In addition to mathematics being seen as numerical symbolism, music is closely linked to absolute physical entities, such as frequency and the relation between intervals (an interval is the space between two notes). Already in Antiquity this was seen as the natural or cosmic premise on which music relied. Not just musical notation, but also the relationship between music and time has a mathematical foundation.

Polyphonic music was recorded in notations showing the length of each note in a uniform and measurable way for the first time in Paris in around 1200. In order to indicate how the separate voices were to be coordinated in the work, composers had to make use of notations which were also able to show the length of each note. This meant that they were further able to measure any temporal aspect by dividing the length of each note into smaller units. This type of polyphonic music was not called "polyphony" as it is today, but "musica mensurabilis", or "measurable music". Musica mensurabilis opened new possibilities within musical forms which, as we have seen, both Bach and Dufay developed further.


One particular mathematician and philosopher played an important part scientifically as well as in the understanding of music, namely Boëthius (480-526). Boëthius(1) divided science into seven disciplines: grammar, dialectics, rhetoric, arithmetic, geometry, astronomy and music.

He viewed the first three disciplines as a single unit or whole, a "trivium", and the remaining four as another whole, which he named the "quadrivium". He based this categorization on the fact that the trivium had to do with language, whereas the quadrivium - which included music - had to do with numbers. The basis for Boëthius's world of ideas was the notion of music as audible numbers. He illustrated this with a legend about Pythagoras(2), the Greek mathematician and philosopher.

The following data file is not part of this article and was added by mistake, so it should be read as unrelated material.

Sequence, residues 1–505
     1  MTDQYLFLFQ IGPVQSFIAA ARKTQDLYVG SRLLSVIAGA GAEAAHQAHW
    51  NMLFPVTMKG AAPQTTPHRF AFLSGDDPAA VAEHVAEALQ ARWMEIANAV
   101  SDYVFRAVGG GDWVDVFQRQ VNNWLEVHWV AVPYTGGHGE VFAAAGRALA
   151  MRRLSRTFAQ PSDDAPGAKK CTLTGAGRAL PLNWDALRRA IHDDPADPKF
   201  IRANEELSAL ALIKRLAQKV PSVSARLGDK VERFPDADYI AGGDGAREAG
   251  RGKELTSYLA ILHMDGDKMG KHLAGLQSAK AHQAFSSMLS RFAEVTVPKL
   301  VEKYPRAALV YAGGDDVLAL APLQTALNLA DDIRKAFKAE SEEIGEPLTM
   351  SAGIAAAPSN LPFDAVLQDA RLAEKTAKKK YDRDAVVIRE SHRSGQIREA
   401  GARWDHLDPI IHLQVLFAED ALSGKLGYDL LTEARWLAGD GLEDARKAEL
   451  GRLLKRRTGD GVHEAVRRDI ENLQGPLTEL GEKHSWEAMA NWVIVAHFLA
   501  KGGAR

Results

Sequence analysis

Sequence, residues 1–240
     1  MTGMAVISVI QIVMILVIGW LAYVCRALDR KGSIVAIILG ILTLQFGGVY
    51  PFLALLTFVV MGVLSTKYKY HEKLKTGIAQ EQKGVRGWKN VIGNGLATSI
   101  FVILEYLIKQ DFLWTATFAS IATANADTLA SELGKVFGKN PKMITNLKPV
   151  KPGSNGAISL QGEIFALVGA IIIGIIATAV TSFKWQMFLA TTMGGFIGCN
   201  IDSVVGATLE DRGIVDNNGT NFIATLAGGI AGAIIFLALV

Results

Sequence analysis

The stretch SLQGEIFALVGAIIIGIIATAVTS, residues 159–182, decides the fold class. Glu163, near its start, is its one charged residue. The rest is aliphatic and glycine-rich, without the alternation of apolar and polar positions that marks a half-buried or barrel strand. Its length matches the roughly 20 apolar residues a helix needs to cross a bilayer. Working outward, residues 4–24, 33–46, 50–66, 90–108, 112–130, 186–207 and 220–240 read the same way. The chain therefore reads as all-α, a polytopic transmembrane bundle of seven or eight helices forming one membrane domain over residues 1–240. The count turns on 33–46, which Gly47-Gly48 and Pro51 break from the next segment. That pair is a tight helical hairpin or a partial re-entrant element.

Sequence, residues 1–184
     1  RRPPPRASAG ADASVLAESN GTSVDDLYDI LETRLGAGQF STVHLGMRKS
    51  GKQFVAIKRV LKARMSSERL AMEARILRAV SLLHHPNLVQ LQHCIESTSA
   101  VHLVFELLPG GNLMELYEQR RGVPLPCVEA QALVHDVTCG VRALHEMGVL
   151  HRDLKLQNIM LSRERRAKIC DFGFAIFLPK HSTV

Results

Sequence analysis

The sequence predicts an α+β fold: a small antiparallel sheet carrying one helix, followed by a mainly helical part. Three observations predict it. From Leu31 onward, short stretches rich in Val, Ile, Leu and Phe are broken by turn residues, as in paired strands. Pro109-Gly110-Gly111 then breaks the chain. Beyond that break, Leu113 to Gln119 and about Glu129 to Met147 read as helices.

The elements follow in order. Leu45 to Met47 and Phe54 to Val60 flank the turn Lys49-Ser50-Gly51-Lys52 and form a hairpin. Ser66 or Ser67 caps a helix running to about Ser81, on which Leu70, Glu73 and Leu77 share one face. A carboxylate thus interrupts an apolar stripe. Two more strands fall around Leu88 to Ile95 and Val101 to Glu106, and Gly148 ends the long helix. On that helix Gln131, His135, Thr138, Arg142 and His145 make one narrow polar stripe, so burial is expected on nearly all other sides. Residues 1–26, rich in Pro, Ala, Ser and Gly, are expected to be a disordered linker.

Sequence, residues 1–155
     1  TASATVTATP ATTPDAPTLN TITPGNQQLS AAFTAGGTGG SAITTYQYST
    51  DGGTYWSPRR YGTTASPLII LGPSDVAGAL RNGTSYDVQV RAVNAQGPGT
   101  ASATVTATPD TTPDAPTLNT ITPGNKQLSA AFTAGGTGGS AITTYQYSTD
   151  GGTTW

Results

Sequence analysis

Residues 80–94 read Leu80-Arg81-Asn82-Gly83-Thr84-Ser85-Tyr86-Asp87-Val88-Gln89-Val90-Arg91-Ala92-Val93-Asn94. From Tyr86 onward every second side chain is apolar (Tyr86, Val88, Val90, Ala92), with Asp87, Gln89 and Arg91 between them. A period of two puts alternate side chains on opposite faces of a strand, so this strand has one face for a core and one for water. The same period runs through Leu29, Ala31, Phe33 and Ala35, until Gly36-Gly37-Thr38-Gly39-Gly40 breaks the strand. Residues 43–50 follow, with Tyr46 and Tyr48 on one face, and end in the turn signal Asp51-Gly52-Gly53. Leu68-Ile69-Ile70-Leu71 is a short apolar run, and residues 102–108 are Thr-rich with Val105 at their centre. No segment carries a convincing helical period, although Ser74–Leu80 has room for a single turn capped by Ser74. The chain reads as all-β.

Pythagoras in the Blacksmith's

One day Pythagoras(2) passed a smithy as he was walking in the forest. He stopped to listen to the beautiful sound of hammers striking the anvil. After he had worked out that it was the head of the hammer which was responsible for such exceptional sounds, he examined all the hammers and found that the weight of each individual hammer was in a particular proportion to that of another: 12, 9, 8 and 6 pounds. You could hear an octave each time the largest and the smallest hammer struck the anvil (12 : 6), a pure fifth emerged in the relationship between the 12- and 8-pound hammers; he found the straight fourth in the relationship between 8 and 6 or 12 and 9, and the whole note rang out when the two middle hammers were being used (9 : 8).' This means that the reason why these sounds were in harmony was attributable to the mathematical relationship that existed between them.

Based on the story about Pythagoras, Boëthius concluded that music is a matter of numbers. The medieval conceptualization of music also led to the view that music is a matter of numerical relations translated into sounds. This conceptualization depicts a woman playing the monocord, a one-stringed instrument which was used exclusively for working out the relationship between notes by pressing the finger down in various positions on the string.

In the beginning of the 14th century, a medieval theoretician of music wrote that 'music is about tones which are related to numbers and vice versa'. This notion is also found in the works of the philosopher and mathematician Gottfried Wilhelm Leibniz (1646-1716), who was the creator of analytic geometry. He wrote: "Music is the hidden arithmetical reckoning of the unconscious spirit".
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